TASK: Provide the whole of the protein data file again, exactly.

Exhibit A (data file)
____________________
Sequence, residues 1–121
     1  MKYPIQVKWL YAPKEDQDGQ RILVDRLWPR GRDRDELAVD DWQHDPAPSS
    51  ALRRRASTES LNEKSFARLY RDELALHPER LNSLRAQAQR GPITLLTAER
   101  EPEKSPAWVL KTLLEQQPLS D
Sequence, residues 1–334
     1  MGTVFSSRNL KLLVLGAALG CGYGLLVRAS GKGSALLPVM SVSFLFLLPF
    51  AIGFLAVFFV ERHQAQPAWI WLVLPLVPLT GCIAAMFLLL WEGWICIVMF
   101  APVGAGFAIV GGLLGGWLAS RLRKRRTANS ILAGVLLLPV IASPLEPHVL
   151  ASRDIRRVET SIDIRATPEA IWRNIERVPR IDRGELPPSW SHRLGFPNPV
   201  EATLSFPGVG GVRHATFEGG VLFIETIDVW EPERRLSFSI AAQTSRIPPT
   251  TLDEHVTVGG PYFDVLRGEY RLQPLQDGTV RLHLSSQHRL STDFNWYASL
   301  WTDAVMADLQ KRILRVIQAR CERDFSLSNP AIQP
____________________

Sequence, residues 1–121
     1  MKYPIQVKWL YAPKEDQDGQ RILVDRLWPR GRDRDELAVD DWQHDPAPSS
    51  ALRRRASTES LNEKSFARLY RDELALHPER LNSLRAQAQR GPITLLTAER
   101  EPEKSPAWVL KTLLEQQPLS D
Sequence, residues 1–334
     1  MGTVFSSRNL KLLVLGAALG CGYGLLVRAS GKGSALLPVM SVSFLFLLPF
    51  AIGFLAVFFV ERHQAQPAWI WLVLPLVPLT GCIAAMFLLL WEGWICIVMF
   101  APVGAGFAIV GGLLGGWLAS RLRKRRTANS ILAGVLLLPV IASPLEPHVL
   151  ASRDIRRVET SIDIRATPEA IWRNIERVPR IDRGELPPSW SHRLGFPNPV
   201  EATLSFPGVG GVRHATFEGG VLFIETIDVW EPERRLSFSI AAQTSRIPPT
   251  TLDEHVTVGG PYFDVLRGEY RLQPLQDGTV RLHLSSQHRL STDFNWYASL
   301  WTDAVMADLQ KRILRVIQAR CERDFSLSNP AIQP